Thursday, July 4, 2013

Should I stick with my series? Of start something completely new?

WooHoo! The Land of Betrovia trilogy is done! 

Lycentia: Harrak's Scrolls, book two, is the shortest of the three (75K words) while Ahnak: Edelin's Revelation, book three, is the longest (104K). And it was about this time (early July) two years ago when I decided to make Betrovia a trilogy instead of trying to tell the story of Patrik and Harrak's scrolls through one book. Otherwise, as I realized at that time, Betrovia would have been over 200K words!

A few days ago, a lady who bought all three books of the trilogy came into the MFA in Freeburg and, with a sincere but concerned look on her face, relayed more than a few comments about how I ended the trilogy: "Why did character X do this? Why did you kill off character Y? I thought for sure from how you ended book two that character Z was going to do this" and so on. I told her that I have already written and published two prequels to the trilogy, with others in the works, as well as am working on both a spin-off and a continuation of the trilogy. (The plan is that it will be a short story, at least, centering on Edelin and Galena, two major characters from the trilogy.) I then asked her if she reads ebooks via a Kindle or some other ebook-reading device. She said that she didn't. I quickly replied with something like "I should be able to put together a paperback version of the prequels" but I don't think she was listening. Needless to say, she was hoping for fewer "loose ends" upon reaching the conclusion of the trilogy.

With the trilogy being done, where do I want to go from here? I like how the two prequels have turned out, even though they are only short stories, and am on the third chapter of the Kristof and Dalten "spin-off" that will hopefully be at least a 12 chapter "novella." Oh, and I don't want to forget that there's also some ideas for other prequels focusing on Patrik and his family when he was a youngster.

But what about the Life of Beatty stuff? The short stories I've pulled out of the novel that I nearly drafted in 1985? What should I do with those?

Or maybe start something completely new? 

Via Leanpub, I've posted an idea for a young-adult sci-fi novel that could get me a foothold in different demographic.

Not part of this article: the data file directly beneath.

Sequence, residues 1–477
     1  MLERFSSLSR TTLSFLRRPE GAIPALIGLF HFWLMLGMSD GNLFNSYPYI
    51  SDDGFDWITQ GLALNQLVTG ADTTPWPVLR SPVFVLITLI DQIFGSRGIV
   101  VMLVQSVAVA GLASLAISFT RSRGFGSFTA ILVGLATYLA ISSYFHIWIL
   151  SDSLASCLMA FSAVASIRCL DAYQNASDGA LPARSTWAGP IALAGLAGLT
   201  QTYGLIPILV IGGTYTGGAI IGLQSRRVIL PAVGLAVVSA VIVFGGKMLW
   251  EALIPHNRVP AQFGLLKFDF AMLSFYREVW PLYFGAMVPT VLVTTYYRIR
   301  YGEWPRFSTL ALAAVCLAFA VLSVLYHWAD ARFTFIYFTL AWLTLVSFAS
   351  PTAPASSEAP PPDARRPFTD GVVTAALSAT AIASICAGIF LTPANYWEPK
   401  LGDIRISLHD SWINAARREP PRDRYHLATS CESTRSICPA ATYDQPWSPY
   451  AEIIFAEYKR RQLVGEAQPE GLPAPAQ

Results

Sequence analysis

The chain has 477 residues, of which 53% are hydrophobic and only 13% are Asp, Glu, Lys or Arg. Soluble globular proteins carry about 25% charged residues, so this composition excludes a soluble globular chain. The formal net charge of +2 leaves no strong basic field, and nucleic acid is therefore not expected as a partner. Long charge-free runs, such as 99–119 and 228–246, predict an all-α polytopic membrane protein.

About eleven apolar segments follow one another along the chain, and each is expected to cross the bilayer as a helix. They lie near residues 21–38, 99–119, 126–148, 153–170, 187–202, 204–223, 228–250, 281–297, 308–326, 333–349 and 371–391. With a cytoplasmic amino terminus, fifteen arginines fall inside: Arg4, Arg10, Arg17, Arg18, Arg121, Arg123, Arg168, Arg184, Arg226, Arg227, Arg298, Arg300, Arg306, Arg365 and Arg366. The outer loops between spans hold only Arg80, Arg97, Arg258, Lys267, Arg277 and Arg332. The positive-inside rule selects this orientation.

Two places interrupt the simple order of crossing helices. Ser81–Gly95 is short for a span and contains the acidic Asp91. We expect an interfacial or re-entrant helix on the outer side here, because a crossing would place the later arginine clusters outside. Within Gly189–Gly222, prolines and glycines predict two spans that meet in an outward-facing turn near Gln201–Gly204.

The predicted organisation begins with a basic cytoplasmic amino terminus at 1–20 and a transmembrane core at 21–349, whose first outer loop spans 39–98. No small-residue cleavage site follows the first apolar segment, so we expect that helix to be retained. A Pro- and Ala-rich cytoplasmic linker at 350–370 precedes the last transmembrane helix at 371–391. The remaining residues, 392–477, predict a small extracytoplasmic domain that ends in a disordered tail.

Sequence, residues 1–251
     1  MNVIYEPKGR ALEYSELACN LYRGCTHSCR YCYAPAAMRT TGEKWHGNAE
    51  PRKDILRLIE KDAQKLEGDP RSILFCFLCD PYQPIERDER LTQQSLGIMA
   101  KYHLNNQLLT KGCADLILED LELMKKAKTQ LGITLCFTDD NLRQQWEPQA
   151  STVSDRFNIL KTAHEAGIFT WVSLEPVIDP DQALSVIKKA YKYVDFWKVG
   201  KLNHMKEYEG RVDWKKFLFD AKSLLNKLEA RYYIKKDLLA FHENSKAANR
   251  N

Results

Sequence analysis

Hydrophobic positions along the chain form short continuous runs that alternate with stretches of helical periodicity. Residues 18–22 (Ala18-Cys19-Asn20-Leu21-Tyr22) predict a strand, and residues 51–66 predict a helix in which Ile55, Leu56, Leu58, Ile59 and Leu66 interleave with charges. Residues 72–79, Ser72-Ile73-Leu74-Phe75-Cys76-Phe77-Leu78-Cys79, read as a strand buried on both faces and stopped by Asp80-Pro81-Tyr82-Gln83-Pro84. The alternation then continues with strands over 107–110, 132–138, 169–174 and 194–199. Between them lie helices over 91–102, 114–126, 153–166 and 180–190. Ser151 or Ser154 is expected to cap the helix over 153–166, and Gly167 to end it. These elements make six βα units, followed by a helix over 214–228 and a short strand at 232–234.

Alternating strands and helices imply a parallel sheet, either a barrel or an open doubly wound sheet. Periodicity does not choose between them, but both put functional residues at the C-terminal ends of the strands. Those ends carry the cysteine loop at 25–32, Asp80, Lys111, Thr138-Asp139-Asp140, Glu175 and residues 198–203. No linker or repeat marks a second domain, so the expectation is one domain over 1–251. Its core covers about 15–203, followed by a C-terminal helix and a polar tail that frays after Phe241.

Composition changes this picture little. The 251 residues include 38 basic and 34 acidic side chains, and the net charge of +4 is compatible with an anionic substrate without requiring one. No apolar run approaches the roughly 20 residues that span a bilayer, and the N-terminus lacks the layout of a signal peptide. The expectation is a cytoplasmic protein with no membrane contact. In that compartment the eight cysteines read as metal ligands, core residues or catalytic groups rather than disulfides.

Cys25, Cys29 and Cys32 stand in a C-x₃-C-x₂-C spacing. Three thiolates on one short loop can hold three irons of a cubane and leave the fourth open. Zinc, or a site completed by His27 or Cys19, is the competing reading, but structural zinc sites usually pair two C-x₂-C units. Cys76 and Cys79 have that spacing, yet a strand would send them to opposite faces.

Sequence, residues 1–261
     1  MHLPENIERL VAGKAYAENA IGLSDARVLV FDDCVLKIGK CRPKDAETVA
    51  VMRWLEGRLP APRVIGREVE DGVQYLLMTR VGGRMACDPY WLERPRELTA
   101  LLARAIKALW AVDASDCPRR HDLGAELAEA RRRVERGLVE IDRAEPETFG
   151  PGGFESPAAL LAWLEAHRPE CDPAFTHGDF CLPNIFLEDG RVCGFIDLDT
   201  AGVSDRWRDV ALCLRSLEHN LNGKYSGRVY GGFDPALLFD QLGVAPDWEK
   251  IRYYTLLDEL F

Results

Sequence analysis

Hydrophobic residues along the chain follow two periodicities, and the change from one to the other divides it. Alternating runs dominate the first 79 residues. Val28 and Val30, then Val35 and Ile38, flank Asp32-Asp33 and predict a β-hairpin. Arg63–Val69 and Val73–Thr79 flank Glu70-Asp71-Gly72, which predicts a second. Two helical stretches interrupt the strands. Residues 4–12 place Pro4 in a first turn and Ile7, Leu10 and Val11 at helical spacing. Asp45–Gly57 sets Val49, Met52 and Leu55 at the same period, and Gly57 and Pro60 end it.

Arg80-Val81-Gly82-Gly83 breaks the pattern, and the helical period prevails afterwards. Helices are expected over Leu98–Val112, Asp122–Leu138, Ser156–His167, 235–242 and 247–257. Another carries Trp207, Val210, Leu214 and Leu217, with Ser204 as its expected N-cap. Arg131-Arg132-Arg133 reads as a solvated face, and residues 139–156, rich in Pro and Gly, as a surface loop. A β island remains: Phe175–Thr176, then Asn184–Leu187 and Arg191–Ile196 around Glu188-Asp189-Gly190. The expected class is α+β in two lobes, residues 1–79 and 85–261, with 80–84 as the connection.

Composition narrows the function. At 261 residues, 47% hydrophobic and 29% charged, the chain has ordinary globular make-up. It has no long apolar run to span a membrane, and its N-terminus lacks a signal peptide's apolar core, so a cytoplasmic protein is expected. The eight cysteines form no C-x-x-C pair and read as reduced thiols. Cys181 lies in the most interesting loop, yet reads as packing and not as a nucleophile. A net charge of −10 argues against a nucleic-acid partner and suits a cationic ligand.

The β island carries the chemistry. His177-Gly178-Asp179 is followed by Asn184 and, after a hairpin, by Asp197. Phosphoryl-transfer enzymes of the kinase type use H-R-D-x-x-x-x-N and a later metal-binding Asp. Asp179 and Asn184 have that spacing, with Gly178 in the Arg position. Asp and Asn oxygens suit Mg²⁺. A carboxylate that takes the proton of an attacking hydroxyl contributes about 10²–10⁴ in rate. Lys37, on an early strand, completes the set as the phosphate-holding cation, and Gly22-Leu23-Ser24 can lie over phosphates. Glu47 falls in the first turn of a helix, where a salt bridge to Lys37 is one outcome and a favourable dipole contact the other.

As I've been wandering through this writing-process malaise, I found out what the fine folks of the Writers' Cafe think about continuing a series as opposed to venturing into 
something new and different ...    

"I'm feeling a little not-so good about things right now. Sales, in spite of a new release, have tanked but that seems to be happening pretty much across the board. Now I worry a LOT about the way my books are perceived as a series. As it is, although it's technically a series, each book is a stand-alone story and doesn't really have to be read in any particular order. It is helpful, of course, because there are ongoing themes and characters. I mention as much in some of my blurbs and the front matter. However, does this structure negatively affect sales of a new release?  If a reader sees a book in the "new release" section and then sees that this is Book Four, would they not just give it a pass, figuring that they won't know what's going on with the story? I know that series are popular with some readers, especially in sci-fi/fantasy, but I worry about shooting myself in the foot by continuing this as a series. I am getting very good reviews but, like many, am not getting the sort of visibility I like. So, because of current sales, I'm wondering if there is any point in continuing the series or if I should try something else. My readers are asking for more stories, and I'd love to deliver those, but I can't just keep writing for the same 100 people. I do regularly offer promos for the first two books (Bookbub, Select etc)."

"People like investing in series. If anything, that sentiment has become stronger with ebooks. They'll buy one book with the knowledge that if they like it, they can go back and get the rest. People are lazy, and would rather buy a second book in a series than go hunting over the internet for something to read."

"Since you have so many books within the same story universe, maybe you should branch out and see what happens. You could either stick to the same genre but use completely new characters in an unrelated storyline, or go further, and try a different genre. Maybe even non-fiction, if you have an interesting story to tell."

"What do you mean:'But I can't just keep writing for the same 100 people.' Why not? They will eventually spread the word and sales will increase. And if you somehow make it clear they're stand-alone books, I think you'd have the best of both worlds. Having a loyal fan base is worth a lot, no matter how small. And to me, 100 isn't all that small."

"Just 2 cents: What if you made an omnibus with the first three books, or even with all four in the series? This way, if someone wants to read it but really wants to start at the beginning, they might get the omnibus."

"As a reader: if book 4 interested me, my next step would be to look at book 1. I would never give up on a book because it was part of a series, but I would go back and start at the beginning. An omnibus would tempt me. I've seen authors keep the order of their series vague (as some have suggested) arguing that they can be read in any order. I'm sure that's true, but I'm compulsive enough to want to read them in order and it is when I can't figure out the real chronology that I wash my hands of the books. I say keep it clear. Sounds to me like you should take a small break and work on something else but don't quit on your series. People like it and more and more people will get into them with time. New books outside the series will continue to be chances to promote your name in front of new readers."